Working Class Arabs

06/22/08

I arrived in Jordan late — at around midnight.  I stepped off the plane, saying goodbye to my plush accommodations of comfortable, roomy seating, gourmet meals, and attentive and plentiful flight attendants.  There was also no recognizable air conditioning in the airport, but it didn’t need it.  The air, although a bit more humid, is much cooler here.  Trees actually dot the countryside.  But the highlight?  Working class Arabs.  Everywhere.  That’s right, folks, the people who work in Jordanian airports are, for the most part, actually Jordanian.  Take that, Kuwait!

First thing’s first.  Turn on my phone.  I have a text message.  It is from Adam.  I need to call him so we can figure out what’s going on [more on Adam later].  Some person should be waiting to drive me from the airport to downtown Amman, where the Palace Hostel is.

I call Adam to establish First Contact.  And then I realize that I’m clueless, moneyless, and bagless.  So I pull aside a security dude, ask him what’s the dillyo in mixed Arablish (or Engabic, if you so prefer).  He points me through the process.

Entering the country costs money.  Gee, I guess the ink we all use for all those fancy passport stamps is really expensive.  I head to the money change kiosque and present some travelers checks (which I don’t recommend).  The guy warns me, “There is a $5 fee for these.”  As if I have much of a choice.  Fortunately, I had more than enough Kuwaiti dinars with me (thanks, Mom!).  Unfortunately, the kiosque only had just enough JayDees left to get me through passport control.  So I need to head downstairs to the other money changer for the rest of the cash I need for tonight and tomorrow morning.

I pay my entrance fee, head downstairs and notice I’m at the baggage claim.  If you know me well enough, you are probably familiar with the (lack of) speed at which I do most everything.  Yeah, that’s right.  I just called myself “slow.”  (it also applies to my ability to interpret facial expressions, subtle jokes, and sarcasm).  I was the last person from my flight to hit the baggage claim.  Three carousels, all of them empty.  I head over to another security dude who was just hanging out, slumped sitting on a mini wall.

“Uhh, excuse me.  How are you?”  Instead of replying, he looks at me with an expression that says, “Yeah, ok bud, what do you want?”  I think he already knew.

I point to the carousels.  “Which was the flight from Kuwait?”  Again, instead of replying, he just points directly to my bag, which was just sitting there, off the carousel, leaning up against a square pillar, just…hanging out, almost in the same way he was.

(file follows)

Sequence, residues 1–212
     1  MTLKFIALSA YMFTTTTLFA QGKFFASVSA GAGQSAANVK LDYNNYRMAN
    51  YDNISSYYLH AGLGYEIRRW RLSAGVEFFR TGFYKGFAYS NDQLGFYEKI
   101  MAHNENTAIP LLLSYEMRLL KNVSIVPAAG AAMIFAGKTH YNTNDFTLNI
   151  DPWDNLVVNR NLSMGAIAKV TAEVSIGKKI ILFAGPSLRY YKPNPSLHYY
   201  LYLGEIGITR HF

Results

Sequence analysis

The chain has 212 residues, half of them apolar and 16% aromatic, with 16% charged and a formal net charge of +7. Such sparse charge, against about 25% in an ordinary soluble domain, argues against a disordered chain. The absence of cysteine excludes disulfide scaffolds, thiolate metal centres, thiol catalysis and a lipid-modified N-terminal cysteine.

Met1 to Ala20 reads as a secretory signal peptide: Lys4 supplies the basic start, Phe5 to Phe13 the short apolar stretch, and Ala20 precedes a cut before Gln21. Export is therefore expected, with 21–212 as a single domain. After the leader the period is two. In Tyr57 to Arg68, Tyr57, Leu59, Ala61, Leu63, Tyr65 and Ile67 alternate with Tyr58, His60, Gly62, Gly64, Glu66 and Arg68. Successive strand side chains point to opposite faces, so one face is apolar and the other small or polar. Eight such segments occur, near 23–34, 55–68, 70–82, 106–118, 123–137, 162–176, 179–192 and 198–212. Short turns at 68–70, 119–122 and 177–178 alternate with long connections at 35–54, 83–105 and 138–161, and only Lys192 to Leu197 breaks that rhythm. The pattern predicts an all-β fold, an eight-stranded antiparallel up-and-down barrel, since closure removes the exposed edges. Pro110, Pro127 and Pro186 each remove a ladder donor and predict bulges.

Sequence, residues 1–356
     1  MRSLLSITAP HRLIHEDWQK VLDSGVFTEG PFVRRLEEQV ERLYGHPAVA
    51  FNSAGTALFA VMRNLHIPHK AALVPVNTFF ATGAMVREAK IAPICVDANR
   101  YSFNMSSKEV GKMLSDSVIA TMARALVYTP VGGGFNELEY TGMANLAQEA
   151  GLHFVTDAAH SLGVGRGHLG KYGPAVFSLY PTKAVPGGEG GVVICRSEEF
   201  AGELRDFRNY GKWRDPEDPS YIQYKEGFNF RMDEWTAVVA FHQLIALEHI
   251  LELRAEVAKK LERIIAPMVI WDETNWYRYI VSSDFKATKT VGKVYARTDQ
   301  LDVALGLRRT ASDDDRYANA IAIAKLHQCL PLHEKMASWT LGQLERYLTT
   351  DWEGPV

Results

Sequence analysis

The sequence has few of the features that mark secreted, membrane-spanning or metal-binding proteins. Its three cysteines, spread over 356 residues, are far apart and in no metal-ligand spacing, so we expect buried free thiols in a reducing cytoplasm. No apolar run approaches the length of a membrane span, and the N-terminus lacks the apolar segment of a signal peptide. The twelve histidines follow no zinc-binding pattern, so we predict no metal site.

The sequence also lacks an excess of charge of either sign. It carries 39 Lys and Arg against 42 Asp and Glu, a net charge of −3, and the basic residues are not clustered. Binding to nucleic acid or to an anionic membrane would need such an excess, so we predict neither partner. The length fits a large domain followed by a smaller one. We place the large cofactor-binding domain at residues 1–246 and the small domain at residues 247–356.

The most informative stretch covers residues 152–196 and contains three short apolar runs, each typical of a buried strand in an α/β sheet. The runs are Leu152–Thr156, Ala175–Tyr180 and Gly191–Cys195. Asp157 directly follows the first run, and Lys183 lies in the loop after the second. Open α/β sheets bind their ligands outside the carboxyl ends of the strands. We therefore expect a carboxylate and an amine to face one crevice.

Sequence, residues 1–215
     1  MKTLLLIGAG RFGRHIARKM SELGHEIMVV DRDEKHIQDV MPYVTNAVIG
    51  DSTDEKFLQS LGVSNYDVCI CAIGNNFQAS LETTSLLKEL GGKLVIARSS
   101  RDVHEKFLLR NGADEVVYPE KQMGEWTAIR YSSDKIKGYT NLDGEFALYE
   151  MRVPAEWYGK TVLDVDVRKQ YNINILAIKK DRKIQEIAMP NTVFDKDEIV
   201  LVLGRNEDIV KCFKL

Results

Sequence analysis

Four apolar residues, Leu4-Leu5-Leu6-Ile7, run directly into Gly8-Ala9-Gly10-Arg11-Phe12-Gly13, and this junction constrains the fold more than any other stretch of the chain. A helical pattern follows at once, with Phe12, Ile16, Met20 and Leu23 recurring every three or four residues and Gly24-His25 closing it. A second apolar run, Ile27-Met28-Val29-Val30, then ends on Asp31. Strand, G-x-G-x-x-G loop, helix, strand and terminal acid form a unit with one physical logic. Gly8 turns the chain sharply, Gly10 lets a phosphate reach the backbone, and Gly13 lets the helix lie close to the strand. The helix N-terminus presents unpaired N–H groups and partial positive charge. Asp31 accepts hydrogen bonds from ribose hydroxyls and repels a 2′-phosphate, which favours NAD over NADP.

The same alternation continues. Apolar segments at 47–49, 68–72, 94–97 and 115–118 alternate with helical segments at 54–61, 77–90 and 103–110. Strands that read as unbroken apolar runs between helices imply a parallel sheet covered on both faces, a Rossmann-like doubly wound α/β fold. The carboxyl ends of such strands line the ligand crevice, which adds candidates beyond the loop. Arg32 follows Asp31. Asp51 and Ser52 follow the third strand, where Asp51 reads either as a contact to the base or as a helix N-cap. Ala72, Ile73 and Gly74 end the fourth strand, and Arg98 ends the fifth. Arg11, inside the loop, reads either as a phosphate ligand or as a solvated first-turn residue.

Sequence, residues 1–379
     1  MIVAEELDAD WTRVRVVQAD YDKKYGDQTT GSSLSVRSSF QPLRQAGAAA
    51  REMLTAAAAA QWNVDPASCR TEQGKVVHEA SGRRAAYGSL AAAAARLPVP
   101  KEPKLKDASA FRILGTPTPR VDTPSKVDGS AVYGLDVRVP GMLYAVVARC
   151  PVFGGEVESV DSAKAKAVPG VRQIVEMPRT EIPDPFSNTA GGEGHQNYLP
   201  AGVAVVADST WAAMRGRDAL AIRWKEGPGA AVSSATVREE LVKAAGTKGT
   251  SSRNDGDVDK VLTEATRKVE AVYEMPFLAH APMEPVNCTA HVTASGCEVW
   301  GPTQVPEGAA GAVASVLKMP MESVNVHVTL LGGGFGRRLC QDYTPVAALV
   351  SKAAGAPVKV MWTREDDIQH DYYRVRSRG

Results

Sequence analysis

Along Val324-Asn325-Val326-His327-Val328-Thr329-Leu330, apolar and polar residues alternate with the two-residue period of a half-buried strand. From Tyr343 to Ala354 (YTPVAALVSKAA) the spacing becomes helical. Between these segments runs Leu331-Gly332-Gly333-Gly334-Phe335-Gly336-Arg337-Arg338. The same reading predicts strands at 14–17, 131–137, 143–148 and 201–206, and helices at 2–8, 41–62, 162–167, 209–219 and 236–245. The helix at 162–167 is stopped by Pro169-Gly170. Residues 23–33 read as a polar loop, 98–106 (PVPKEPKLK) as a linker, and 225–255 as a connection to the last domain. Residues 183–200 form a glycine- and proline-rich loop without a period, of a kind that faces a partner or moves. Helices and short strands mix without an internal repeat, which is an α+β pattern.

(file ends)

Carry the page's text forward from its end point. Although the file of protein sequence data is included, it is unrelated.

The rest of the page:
Ok, now about that money that I need.  Found the booth.  Which leads me to my first “let’s rip the ignorant white guy off” experience.  Pull out a few more travelers checks.  This guy says, “There will be a 5% transaction fee.”  Whoa, I thought — that’s waaay more than $5.  I pull my fake money back a little.

“5%?  That’s crazy.  The guy upstairs said just $5.” He tilted his head over and down a bit, breaking eye contact.  A hand came up to scratch his cheek.

“Ummm…yes, maybe it is something like this…”  The guy was obviously…something.  Disappointed?  Embarassed?  Surprised?  Dunno.  But he gave me the $5 instead of 5%, and avoided eye contact for the rest of the transaction.  They probably still ripped me off…somehow.

Out past the final security check.  A dude was standing out there with my name written on a piece of paper.  My driver.  So far, so good.  We introduced ourselves and headed out to the car in the parking lot.  His name was Trevor.  Nice, warm middle-aged guy.  Didn’t speak a lick of English.  It was great.  I thought to myself, “Finally!  Forced to communicate in Arabic!”  We talked about the weather, politics and other obvious topics on the way into town.  Conversations with cab drivers would turn out to be one of the unforeseen highlights of the trip.  Here’s the one standout line from the night’s exchange with Trevor:

“Jordan is very nice compared to Kuwait.  Like air conditioning.”  Gotta love a sense of humor.

It was about a half-hour by car to the hostel.  By the time I was in my room, it was around 0200.  I made a quick note of all the crap I had to do tomorrow morning (daypack list, find local money exchangers, call Mufleh, Adam, and Abdel) and crashed.  Thus ends my first few hours in Jordan…or so I thought

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